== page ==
One Third of Smart Device Owners Struggle To Use Them: Report

Nothing comes easy. A new report from Parks Associates says the rise of connected devices increases the chances of technical problems, leading to poor product performances, and consumer disappointment. Asking Alexa or Siri for help doesn’t work if consumers can’t get them to work.

The Parks whitepaper, titled "Next-Generation Support: Building an Engagement Platform," says over 33% of consumer electronic device owners reported experiencing problems with their devices over the past year.

By device, 24% said they had at least one problem installing a smart door lock, while 19% had issues with a smart video doorbell, the two devices named most. "Networked” cameras, smart smoke detectors and smart light bulbs averaged at least two problems each, but with fewer people reporting them.



Parks takes the glass-half-full attitude, suggesting that such problems provide manufacturers with the opportunity to launch new “support strategies that can secure new business and loyal customers.”

According to the report, some consumer problems, are not necessarily the fault of one device. It could be the fault of another technology in the home.

“For example, a smart lock may require the lock hardware to communicate with a home WiFi network, connect to home broadband, and ultimately an authentication server in the cloud,” writes Patrice Samuels, the Parks senior analyst who authored the report.  “There are multiple unrelated opportunities for failure.”

She notes, “The rise in the number of connected devices in homes increases the burden on home networks and the likelihood that consumers will encounter lapses in device connectivity.”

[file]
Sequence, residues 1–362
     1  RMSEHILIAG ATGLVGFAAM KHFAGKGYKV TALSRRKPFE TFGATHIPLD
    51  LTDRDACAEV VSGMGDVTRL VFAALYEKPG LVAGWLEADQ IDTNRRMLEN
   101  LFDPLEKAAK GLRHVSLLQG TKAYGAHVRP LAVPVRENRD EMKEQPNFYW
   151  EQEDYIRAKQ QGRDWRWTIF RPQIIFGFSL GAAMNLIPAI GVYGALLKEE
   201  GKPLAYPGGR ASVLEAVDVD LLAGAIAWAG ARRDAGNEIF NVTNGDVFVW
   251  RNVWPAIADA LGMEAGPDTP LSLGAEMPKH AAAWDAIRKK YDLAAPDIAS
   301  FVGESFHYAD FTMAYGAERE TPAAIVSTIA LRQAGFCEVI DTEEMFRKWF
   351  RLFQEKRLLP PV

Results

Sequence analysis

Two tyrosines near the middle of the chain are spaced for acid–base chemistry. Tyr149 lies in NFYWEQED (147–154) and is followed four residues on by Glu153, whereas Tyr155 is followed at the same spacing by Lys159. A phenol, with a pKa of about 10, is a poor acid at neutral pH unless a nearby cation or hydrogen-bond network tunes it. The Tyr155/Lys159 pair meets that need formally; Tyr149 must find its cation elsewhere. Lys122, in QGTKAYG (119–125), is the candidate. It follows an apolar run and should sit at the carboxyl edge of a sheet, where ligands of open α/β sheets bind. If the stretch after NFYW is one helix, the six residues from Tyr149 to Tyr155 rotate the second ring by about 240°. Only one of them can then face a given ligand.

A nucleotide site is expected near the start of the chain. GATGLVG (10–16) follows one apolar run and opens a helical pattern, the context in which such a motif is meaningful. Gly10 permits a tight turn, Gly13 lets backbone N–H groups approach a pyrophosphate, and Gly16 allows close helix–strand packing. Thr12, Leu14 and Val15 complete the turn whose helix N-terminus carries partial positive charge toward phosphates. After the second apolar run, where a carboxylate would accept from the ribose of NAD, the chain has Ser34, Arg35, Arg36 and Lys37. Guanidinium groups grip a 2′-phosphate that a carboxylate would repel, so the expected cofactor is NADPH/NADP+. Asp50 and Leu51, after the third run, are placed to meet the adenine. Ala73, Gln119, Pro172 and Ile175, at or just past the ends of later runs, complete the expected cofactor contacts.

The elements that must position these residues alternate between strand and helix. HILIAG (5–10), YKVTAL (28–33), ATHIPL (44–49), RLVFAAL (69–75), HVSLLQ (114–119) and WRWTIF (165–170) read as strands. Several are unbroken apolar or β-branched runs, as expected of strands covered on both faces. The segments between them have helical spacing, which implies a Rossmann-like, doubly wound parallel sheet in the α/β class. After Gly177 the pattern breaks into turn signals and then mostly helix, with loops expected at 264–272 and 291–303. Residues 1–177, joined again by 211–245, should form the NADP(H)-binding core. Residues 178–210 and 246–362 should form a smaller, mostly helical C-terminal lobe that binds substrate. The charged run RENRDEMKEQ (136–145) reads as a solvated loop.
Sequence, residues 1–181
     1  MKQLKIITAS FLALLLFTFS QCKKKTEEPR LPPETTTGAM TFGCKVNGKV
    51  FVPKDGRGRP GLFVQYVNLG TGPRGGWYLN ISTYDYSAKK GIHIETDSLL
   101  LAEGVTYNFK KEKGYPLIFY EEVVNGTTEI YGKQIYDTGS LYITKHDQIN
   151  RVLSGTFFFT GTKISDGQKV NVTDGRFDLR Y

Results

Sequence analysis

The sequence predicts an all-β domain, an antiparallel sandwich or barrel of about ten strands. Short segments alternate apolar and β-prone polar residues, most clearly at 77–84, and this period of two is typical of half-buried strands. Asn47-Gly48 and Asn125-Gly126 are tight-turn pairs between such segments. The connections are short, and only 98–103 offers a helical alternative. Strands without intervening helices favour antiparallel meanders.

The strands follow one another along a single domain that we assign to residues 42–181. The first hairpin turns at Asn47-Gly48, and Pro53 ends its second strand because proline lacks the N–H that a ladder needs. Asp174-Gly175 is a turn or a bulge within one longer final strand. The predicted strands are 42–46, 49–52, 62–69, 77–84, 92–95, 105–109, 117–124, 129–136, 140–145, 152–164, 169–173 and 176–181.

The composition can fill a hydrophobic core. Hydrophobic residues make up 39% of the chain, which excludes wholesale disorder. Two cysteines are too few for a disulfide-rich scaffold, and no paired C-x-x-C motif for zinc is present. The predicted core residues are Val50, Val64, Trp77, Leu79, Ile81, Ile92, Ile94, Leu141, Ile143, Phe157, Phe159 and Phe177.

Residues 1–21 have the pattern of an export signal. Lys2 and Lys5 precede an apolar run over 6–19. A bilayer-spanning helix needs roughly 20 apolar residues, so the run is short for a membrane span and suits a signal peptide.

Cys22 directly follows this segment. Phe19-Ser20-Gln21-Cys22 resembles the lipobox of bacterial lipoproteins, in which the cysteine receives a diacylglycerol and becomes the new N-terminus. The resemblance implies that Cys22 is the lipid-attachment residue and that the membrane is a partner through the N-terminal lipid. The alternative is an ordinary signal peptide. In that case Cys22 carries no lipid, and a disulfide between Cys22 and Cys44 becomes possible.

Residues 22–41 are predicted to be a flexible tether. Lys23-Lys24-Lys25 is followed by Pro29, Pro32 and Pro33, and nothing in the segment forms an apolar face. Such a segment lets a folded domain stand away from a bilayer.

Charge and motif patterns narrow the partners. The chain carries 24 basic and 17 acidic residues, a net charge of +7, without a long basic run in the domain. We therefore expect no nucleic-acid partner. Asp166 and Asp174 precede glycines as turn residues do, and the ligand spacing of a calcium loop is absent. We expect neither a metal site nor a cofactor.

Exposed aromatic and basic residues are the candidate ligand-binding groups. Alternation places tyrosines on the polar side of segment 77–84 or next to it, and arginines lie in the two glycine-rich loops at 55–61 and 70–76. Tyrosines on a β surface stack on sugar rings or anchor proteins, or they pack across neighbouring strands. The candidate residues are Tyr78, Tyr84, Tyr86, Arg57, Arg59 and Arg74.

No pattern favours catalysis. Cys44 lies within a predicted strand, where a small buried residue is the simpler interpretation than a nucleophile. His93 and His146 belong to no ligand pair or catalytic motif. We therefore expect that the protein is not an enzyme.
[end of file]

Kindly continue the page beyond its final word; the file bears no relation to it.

And because these are relatively new devices, “this lack of familiarity also increases the likelihood and frequency of user-error as well as remorse returns.”

That can be disastrous. Parks says 29% of consumers who had difficulty using a particular brand switch to another. If that difficulty reaches the “very difficult” threshold, that percentage rises to 49%.

And 13% of consumers won’t even attempt to acquire some smart devices, sure they won’t know how to make them work. Smart devices, in short, make them feel stupid.

Still, Parks says, sales  of connected consumer devices will exceed 520 million units by 2022.

And for those who struggle, seeking help from device providers doesn't always work. “Only 47% of U.S. broadband households that received technical support services over the past 12 months are very satisfied with the speed at which their problem was resolved and the resources available to the agent to address their concern,” according to the report.

When they’re not satisfied, though, frustrated users are very likely to post snarky comments on social media, give bad online reviews, or bad-mouth the brand to their friends and family.

Just over 50% of consumer tech problems are also solved by consumers without any professional help. Obviously it's the just under 50% group that's more problematic.

Some new self-help diagnostic tools are built into devices and can be aided by voice assistants. And newer support solutions include various ways technicians can take over a device rather than struggling to get a consumer to explain it, or even using video streaming to help understand and solve the problem..

One interesting solution the Parks report mentions is initiating  “same day /in-home onboarding” that guides consumers through the purchase, setup, and initial usage for their devices literally right out of the box.

Providing such services lead to “better product engagement” and “increases consumer confidence in adopting new technology,” according to the Parks report.

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